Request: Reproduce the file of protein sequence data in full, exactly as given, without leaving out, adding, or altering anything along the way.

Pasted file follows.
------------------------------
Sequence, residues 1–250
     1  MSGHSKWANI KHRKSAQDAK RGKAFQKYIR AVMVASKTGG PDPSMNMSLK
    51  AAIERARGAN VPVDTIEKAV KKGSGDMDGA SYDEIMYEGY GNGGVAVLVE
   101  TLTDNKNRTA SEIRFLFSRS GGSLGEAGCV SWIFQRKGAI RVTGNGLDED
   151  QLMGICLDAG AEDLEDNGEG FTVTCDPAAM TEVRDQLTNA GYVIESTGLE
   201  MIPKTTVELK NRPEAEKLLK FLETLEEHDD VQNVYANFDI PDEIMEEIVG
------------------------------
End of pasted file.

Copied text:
Sequence, residues 1–250
     1  MSGHSKWANI KHRKSAQDAK RGKAFQKYIR AVMVASKTGG PDPSMNMSLK
    51  AAIERARGAN VPVDTIEKAV KKGSGDMDGA SYDEIMYEGY GNGGVAVLVE
   101  TLTDNKNRTA SEIRFLFSRS GGSLGEAGCV SWIFQRKGAI RVTGNGLDED
   151  QLMGICLDAG AEDLEDNGEG FTVTCDPAAM TEVRDQLTNA GYVIESTGLE
   201  MIPKTTVELK NRPEAEKLLK FLETLEEHDD VQNVYANFDI PDEIMEEIVG